U.S., EU agree to reduce methane emissions by a third

U.S., EU agree to reduce methane emissions by a third

Bloomberg - - The United States and the European Union have agreed on a plan to reduce methane emissions by about a third by the end of the decade as part of a diplomatic push to get other countries to take aim at the powerful planet-warming gas, according to people familiar with the effort.

The U.S. is asking other nations to join the global methane pledge - an expected topic of discussion during a climate change forum President Joe Biden is convening on Friday. The meeting is designed to generate momentum for a United Nations climate summit in Glasgow, Scotland on 31 October to Nov. 12.

Biden plans to unveil the methane pledge at the Glasgow meeting, according to an invitation he sent to the President of the Argentine Republic Alberto Fernandez, which is posted on the presidential website.

For the benefit of both present and future generations, I urge you to join me and our fellow leaders in doing our utmost to meet this fateful moment, Biden wrote in the invitation, dated Sept. 8.

Under the U.S. - EU pledge, the nations are agreementing to reduce methane emissions across the board without singling out planned reductions from certain high emitting sectors, such as oil and agriculture. The goal is a global one-third reduction of emissions of methane with countries who sign on pledging to do their part in achieving the target.

The Biden Administration is working to recruit at least two dozen countries to sign the pledge before the next climate summit, said one of the people familiar with the matter.

The people speaking on anonymity all spoke.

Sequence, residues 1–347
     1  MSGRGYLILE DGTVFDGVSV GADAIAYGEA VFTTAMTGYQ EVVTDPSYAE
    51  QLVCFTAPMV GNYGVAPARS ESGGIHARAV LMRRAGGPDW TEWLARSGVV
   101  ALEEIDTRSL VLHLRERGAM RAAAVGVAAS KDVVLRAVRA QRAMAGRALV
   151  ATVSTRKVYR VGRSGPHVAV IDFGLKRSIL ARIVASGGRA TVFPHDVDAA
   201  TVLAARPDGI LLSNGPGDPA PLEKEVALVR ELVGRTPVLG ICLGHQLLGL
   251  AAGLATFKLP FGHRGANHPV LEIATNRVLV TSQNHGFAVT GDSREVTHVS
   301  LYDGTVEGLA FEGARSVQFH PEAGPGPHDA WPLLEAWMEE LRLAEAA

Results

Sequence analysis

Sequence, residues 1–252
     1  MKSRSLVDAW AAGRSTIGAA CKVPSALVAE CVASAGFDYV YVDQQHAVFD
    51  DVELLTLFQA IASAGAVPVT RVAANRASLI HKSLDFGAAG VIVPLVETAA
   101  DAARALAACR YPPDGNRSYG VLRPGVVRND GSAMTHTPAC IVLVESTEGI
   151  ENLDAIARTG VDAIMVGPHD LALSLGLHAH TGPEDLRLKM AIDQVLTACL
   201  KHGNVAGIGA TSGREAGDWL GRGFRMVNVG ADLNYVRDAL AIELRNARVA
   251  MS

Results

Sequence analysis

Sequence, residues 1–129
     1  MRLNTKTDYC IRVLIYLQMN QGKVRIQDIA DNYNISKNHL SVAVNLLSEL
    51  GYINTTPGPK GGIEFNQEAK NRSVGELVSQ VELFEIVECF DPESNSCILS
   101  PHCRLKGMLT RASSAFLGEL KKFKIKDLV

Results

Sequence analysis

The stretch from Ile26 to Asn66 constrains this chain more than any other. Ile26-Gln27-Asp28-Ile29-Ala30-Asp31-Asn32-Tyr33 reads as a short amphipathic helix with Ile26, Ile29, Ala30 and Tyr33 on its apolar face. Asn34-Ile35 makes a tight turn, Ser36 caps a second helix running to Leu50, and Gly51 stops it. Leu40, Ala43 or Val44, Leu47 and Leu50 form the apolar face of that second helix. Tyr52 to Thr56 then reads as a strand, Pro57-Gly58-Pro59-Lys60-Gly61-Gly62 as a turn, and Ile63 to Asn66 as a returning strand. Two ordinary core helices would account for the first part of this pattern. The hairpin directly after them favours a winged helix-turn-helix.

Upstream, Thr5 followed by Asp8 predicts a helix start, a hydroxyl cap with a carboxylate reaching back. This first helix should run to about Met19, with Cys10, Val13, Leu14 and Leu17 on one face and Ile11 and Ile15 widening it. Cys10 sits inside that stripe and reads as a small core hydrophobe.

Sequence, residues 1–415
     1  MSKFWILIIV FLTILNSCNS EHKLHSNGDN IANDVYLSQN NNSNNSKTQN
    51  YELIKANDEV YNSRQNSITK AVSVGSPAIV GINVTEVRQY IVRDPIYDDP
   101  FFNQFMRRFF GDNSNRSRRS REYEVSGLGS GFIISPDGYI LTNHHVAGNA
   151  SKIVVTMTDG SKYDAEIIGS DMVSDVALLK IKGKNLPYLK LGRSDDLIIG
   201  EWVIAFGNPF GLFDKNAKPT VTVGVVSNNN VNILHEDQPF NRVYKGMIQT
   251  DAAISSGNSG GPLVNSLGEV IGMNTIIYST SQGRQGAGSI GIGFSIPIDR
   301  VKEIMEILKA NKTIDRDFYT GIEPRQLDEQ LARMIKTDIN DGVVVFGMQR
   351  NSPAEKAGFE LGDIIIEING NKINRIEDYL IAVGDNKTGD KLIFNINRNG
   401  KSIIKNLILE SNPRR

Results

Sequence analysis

The Biden administration has been working on the methane pledge for months - part of a strategy to build multilateral climate commitments that buttress nations Paris agreement pledges.

This was re-addressing this as a presidential imperative, Rick Duke, senior director and White House liaison for the special envoy for climate change, said in a forum on methane last month. We cannot look to a single agreement to help reduce methane pollution with the speed and comprehensiveness that we require. It s going to require sustained diplomacy, sustained programmatic work, action by governments and industry encompassing all these opportunities. The relationship between the U.S. and EU was previously reported by Reuters. The White House declined to comment on the report and the office of John Kerry, special envoy for climate, didn't respond to a request for comment.

Representatives of the EU confirmed no immediate comment but an EU official familiar with the matter confirmed that the pledge is to be made to the forum on Friday.

With the support of additional countries, the methane pledge would represent the first global political commitment to try to lock methane amid increasingly urgent warnings that reductions of greenhouse gases are essential to stop near-term warming and reduce feedback loops that lock in climate change.

The science tells us that we have vanishingly little time to help change global warming before we start passing serious climate tipping points, said Sarah Smith, director of the Super Pollution Program at Clean Air Task Force. The forthcoming global methane pledge reflects what UN scientific panels and other bodies say we need to do to address methane and set ourselves on a path towards global warming 1.5 C. Methane is 84 times as potent a greenhouse gas as carbon dioxide during the two decades after it is first released and is thought to be responsible for at least a quarter of global warming.

The Biden administration is scheduled to propose more aggressive federal methane mandates later this month for oil and gas wells, including hundreds of thousands that were drilled long ago but had so far escaped direct methane curbs. Biden s environmental protection agency also is expected to tighten Obama-era requirements for routine inspections and quick repairs of leaking equipment at wells that are newly drilled or modified.